Stay With Me.

My new friend and source of inspiration, Ada Ireland, wrote a beautiful poem: ‘Break My Heart Thoroughly.’ Ada and I had decided – okay, I hassled her into it – to do a short story that was no-holds-barred.

So far, I’ve uploaded a lot more dark stories than the lighter ones I’ve written. That tradition is sort of going to continue with this story, but I’lll get to the sweeter ones later, I promise. Before launching into this one I’ll just note that some years ago I used to do mixed media stories. I’d find a song I liked on YouTube and I’d write a backstory to it. I’ve done that here. If you’re interested in experiencing this mix there’s an intended format. Please read the story first and then play the video. To do it the other way around will spoil the intended effect, and I’d like you to ‘get’ this as I intended it. Humour me; it’s not going to cost you anything but a little self-regulation and patience.

Here’s the vid link:

So, here’s ‘Stay With Me.’

“Faith can move mountains. Doubt can create them.” So said Howard Wight and the hospital chaplain who was quoting him to me. I suppose chaplains mean well, and for some they even do well, but my folk hark back through a line much longer and older than Christianity. I knew why he was there, even if I found it unsettling. He’d given up on her even before she’d given up on herself, and a lifetime before I would. ‘Molly’ was, and is, and will always be, the absolute love of my life.

An overcast day, gusting and grit-filled, had been my companion as I walked down the cobblestone streets of Dublin. There is so much to love in Southern Ireland that being there transforms me from what I am into the greater potential of what I could be. If only that feeling could endure in my life outside of its borders. My body was born in Wales, and therein lays my heart, but my soul belongs to Ireland.

I crossed the road, bustling as it was with buses, cars, and insane bicycle riders seemingly obsessed with the idea of receiving a huge insurance payout, and I turned right, aiming for the park. It was then that I saw her, and she was such a beauty I could only catch a half breath, and the short half at that. In something best described as a euphoric daze, I walked toward her then stopped, completely spellbound. Was it me, or was it her, or was it both of us? Something emanated from her. My senses saw it flowing from her and to me, just as I had sensed the deepest and purest in me floating out to her.

The statue of Molly Malone, ‘wheeling her barrow through streets broad and narrow’ had a magical effect on me. Standing there before me was the girl in the song I’d sung in school, half a world away in Australia, where my family had moved when I was a child. I never knew she was real, until the moment I laid eyes on her. The tendrils of colour I saw flowed around her, and it shocked me that I could feel such a surge of love for a statue. I laid a hand on her cart and, I swear, a small arc of energy leapt between us. Pulling my hand back quickly, I was more shocked at myself than at the situation. Objectum sexuality? The love of inanimate objects? That genuinely shocked me. It was then that my eyes followed the tendrils more closely and I noticed they were, smooth as silk, riding the currents around the statue to its other side.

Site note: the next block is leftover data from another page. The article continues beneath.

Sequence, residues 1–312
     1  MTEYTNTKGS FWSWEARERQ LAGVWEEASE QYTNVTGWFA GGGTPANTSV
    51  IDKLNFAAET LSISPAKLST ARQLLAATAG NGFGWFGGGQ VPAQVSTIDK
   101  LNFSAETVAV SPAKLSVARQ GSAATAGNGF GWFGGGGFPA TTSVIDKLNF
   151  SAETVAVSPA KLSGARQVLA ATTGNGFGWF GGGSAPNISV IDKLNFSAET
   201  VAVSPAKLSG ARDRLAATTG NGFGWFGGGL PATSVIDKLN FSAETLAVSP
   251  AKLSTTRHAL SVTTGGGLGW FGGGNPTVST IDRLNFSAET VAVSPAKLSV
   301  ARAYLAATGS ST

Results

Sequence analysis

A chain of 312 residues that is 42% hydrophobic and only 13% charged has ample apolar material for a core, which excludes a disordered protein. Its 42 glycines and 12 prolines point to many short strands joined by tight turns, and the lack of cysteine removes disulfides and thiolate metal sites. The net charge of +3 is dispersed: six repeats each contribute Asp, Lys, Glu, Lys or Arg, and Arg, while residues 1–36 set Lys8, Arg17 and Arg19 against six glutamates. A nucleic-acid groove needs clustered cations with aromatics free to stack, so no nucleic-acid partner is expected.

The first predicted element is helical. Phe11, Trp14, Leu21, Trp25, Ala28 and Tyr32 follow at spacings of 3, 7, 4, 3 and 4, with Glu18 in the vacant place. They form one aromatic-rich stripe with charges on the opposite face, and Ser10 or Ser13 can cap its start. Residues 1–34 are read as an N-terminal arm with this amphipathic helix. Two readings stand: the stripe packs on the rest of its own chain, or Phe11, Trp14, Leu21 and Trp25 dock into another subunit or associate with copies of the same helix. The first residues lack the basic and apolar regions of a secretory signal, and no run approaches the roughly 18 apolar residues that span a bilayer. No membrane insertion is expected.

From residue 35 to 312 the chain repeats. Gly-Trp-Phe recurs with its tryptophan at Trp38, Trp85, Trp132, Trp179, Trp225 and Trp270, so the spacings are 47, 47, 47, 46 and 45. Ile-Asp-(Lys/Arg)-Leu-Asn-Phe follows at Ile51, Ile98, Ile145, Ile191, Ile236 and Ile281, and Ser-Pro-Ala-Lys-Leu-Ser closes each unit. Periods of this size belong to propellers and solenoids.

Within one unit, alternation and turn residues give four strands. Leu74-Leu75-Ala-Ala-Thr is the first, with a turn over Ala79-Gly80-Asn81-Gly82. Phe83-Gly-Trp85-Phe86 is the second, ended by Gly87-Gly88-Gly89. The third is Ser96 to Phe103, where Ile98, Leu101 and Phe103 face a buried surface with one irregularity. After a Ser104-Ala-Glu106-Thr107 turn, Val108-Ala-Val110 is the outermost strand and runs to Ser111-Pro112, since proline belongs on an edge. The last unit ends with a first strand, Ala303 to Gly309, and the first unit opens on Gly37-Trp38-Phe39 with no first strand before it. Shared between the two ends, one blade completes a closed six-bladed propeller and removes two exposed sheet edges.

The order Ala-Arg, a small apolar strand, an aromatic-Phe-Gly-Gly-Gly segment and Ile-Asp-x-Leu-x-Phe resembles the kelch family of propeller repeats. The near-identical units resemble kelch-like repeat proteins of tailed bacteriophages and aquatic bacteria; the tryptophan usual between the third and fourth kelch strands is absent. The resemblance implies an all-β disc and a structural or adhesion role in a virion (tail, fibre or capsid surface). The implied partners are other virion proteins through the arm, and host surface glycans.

Hidden from my view, she’d been standing there looking up into Molly’s face, as transfixed as I had been. She and I rounded the statue in unison, again taking in a short half breath as our eyes met and locked, and the tendrils of colour, uninterrupted, glided from heart to heart. “She died of a flavour, and nothing could save her,” she said, “and that was the end of sweet Molly Malone.” “Her ghost wheels her barrow, through streets broad and narrow, crying ‘Cockles and muscles, alive alive-o.” I continued.

“I’ve always wondered what a ‘flavour’ was,” she said in her small and lilting voice. “Well, at the risk of completely destroying the moment, I think it means she died of food poisoning, possibly from eating unrefrigerated cockles and muscles,” I replied. We looked at each other and burst out laughing. “Kind of takes the charm right out of it, doesn’t it?” I said between spasms of laughter. From that day to this, more than twenty years later, I’ve always called Kate, Molly.

Our life has been blessed in many ways. We, that is, I, could never have children. Molly always said I had plenty of cockle but very little muscle. It meant that we were in a position to live well and travel often, and we did it very happily together. If you’re lucky, and if the gods smile on you, you find that one person who makes you feel like the sun rises and sets on you. We had our moments, but they were only moments, and our life together was a charm.

Barely a week after she’d been told her liver was failing, I asked the doctor about donating mine.